PORTLAND, Ore. (KOIN) — Nearly 7% of Oregonians have received the COVID-19 vaccine and case rates in the state are trending down, just as new strains of the virus continue to crop up in various counties.

Oregon Health Authority Director Patrick Allen and State Epidemiologist Dr. Dean Sidelinger held a press conference on Friday morning to discuss projections and the COVID variants in Oregon.

The rate of new COVID-19 cases in the state has slackened, Sidelinger said.

“It is evidence of our collective effort paying off,” he said. He warned that the new strains of the virus are in Oregon and we must still take proper precautions.

The TRACE wastewater project in Newport. (Mark Farley)

Oregon State University’s Center for Genome Research and Biocomputing has been conducting tests on wastewater to detect for the variants. They have detected multiple variants of the SARS-CoV-2 virus that causes COVID-19 in samples from around the state, including the highly contagious U.K. strain in one sample from Bend.

They have been focused on identifying the variants from the U.K, South Africa and Brazil. Those three variants have a mutation in the virus’ spike protein that may allow individual particles of the virus to latch onto a person’s cells more effectively. 

Five people tested on OSU’s Corvallis campus were positive for the “L452R” mutant strain of COVID-19. The strain was also present in campus wastewater samples.  

“This strain is not of the highest concern, like those other three (U.K, South African and Brazilian variants), but it has spread extensively in Southern California and was associated with some recent large outbreaks in Santa Clara County,” said Brett Tyler, director of the genome center.

Vaccines in Oregon

Allen discussed the distribution of vaccines across the state, saying 6.8% of Oregonians have gotten the shot. Oregon ranks 15th in nation.

“If we receive more vaccines, we can vaccinate more people. Every day, Oregon Health Authority teams are doing everything we can to open more vaccine distribution channels,” Allen said.

On Thursday, the state’s Vaccine Advisory Committee released their recommendation for which groups get the vaccine next. It includes adults aged 16 to 64 with underlying health conditions, front-line workers who have been working through the pandemic and cannot work from home, adults and youth in custody who are 16 and older, and people living in low-income and congregate senior housing. Following those groups, the committee recommends people who live in multi-generational households, followed by the general public.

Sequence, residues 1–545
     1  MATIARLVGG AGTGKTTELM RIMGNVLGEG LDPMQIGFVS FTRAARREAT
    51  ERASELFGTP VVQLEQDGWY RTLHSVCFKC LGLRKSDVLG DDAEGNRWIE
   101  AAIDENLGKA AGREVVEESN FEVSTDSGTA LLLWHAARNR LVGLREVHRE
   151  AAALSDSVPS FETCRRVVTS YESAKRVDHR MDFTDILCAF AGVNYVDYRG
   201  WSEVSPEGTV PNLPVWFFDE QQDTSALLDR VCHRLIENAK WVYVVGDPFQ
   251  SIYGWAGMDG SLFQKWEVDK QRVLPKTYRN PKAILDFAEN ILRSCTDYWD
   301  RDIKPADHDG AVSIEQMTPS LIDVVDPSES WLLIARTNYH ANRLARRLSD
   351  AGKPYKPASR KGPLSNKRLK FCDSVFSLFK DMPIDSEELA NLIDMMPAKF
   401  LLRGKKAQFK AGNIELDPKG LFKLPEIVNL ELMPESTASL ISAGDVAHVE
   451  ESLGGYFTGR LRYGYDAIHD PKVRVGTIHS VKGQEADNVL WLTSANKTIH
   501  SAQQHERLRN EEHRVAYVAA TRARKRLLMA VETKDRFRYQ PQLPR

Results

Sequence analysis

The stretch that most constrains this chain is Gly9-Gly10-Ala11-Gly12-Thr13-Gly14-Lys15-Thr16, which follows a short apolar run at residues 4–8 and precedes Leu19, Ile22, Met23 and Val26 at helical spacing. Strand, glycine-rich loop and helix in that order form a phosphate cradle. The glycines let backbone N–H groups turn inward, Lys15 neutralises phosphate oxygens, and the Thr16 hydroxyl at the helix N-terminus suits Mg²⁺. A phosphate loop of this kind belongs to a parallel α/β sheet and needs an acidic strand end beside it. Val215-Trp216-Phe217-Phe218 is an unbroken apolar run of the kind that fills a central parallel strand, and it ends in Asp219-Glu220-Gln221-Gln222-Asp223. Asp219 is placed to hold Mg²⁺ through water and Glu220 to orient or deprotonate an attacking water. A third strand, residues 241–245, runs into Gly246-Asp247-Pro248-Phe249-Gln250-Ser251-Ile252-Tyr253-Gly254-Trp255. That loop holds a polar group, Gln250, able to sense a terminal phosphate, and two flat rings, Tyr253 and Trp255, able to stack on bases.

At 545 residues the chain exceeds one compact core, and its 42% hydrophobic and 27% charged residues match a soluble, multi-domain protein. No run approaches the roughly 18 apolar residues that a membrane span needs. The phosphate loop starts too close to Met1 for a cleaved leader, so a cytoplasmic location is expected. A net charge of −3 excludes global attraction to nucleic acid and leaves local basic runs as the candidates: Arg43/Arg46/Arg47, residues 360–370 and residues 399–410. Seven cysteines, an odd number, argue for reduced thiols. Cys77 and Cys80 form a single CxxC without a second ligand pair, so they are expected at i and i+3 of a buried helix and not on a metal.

The initial group includes approximately 1 million people and vaccine supply is limited.

Vaccinating students?

Educators started to receive the vaccine this week after Governor Kate Brown decided to concentrate efforts on reopening schools before inoculating older populations. KOIN 6 News asked Brown her thoughts on vaccinating high schoolers 16 and older who are eligible for the Pfizer vaccine before they go back to school.

“It’s certainly worth taking a look at but what I would say is this: the CDC guidelines are really clear — we can return to in-person learning, the risk of transmission is low as long as we follow safety protocols,” Brown said.

Oregon entered Phase 1B of its vaccination rollout on Monday. Currently, this includes only educators and other school staff, of which there are an estimated 105,000 people. People 80 and older will be eligible for the vaccine starting Feb. 7, followed by people 75 and older, then those 70 and older. People 65 and older won’t be eligible until the week of Feb. 28. With nearly 800,000 people who are 65 and older in Oregon, the state estimates it won’t complete Phase 1B until the end of April at the earliest. Some counties have already finished vaccinating groups in Phase 1A and have moved on to seniors.

Mass vaccination clinics are open in Portland and Salem but others in some counties have been cancelled as a result of Brown’s decision to move thousands of doses to counties still trying to vaccinate healthcare workers.

OHA on Friday released new guidance about indoor activities in Extreme Risk Counties. The guidance allows for 6 people inside facilities over 500 square feet, with a time limit of 45 minutes. The guidance also has requirements for distancing, cleaning, locker rooms and contact tracing.